Tales Of The City
Are you just finding out about Armistead Maupin's Tales of the City series because of Netflix? Are you interested in revisiting the series? Here's a Tales of the City 101.
Armistead Maupin started the series in 1977 in serialized form in the San Francisco Examiner, and later the San Francisco Chronicle. The first, Tales of the City, was published in novel form in 1978. I often compare the series to Charles Dickens. The title evokes Dickens' Tale of Two Cities. Like Maupin, many of Dicken's books were originally published chapter at a time, serialized in periodicals. And like Dickens, Maupin writes colorful characters. The plot is driven by these characters. Storylines of the characters cross paths, and drive the plot in unexpected directions.
While there is a lot of gay literature from before the Tales series, Tales of the City was transformative. It was originally published in a medium which was read regularly by thousands of straight people. It was gay lit which reached, and changed, a wider audience.
The series has always kept up with the times, and was often ahead of the curve. It dealt with AIDS, transgender people, and wove in contemporary stories and issues. In the current Netflix series it contines to examine cutting edge issues. It's not just about transgender rights, it is about transgender lives. What happens when one member of a couple transitions? What happens when the transition changes a person's orientation? These are the types of questions the series has always raised with humanity and humor.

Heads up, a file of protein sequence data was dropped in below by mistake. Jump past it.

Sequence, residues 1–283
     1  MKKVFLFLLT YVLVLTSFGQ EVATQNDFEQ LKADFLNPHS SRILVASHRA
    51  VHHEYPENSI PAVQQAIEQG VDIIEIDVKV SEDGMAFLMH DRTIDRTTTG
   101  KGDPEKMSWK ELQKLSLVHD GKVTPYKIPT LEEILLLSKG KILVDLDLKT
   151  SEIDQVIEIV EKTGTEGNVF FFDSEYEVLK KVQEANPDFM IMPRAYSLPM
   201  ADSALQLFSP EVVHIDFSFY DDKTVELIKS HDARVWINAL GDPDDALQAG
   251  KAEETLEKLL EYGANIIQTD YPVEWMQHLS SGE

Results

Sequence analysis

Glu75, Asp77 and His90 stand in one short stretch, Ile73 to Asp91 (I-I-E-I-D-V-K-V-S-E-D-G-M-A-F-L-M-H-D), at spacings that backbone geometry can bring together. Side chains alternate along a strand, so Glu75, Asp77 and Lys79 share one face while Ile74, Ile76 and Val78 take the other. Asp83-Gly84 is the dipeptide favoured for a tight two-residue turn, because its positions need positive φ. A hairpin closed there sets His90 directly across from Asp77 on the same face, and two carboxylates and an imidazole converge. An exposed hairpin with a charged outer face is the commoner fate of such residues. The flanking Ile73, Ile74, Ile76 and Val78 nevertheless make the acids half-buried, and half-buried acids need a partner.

1978 was pre-internet. It was even pre-fax. And I remember wanting to read every chapter as it came out. The problem was, they were being published in San Francisco and I was in Ann Arbor, Michigan. BUT...I became part of a network. A friend of a friend made copies of the chapters from the newspaper.in San Frnacisco (it was NOT pre-copy machine). He mailed them to a friend of mine in Brattleboro, VT. My friend made copies and sent them to me. By this point the copies were getting a bit blurry. I read them and passed them along. And that was "going viral" old-school.
There are nine books altogether. They fall rather naturally into three sets of three. Everyone, including Armistead Maupin, thought the series was done after the sixth book, Sure of You. Notice the 20 year gap. Maupin came back and revisited his characters. The new series is loosely based on the last three books.
Tales of the City (1978)
More Tales of the City (1980)
Further Tales of the City (1982)
Significant Others (1987)
Sure of You (1989)
Michael Tolliver Lives (2007)
Mary Ann in Autumn (2010)
The Days of Anna Madrigal (2014)
I've listed all of them below. They are available as single books. They are also available as omnibus collections. There are three volumes which collect Books 1-3 (28 Barbary Lane), 4-6 (Return to Barbary Lane), and 7-9 (Goodbye Barbary Lane)
All nine books, and all three collections are listed below. I have also linked to Maupin's brilliant memoir, Logical Family.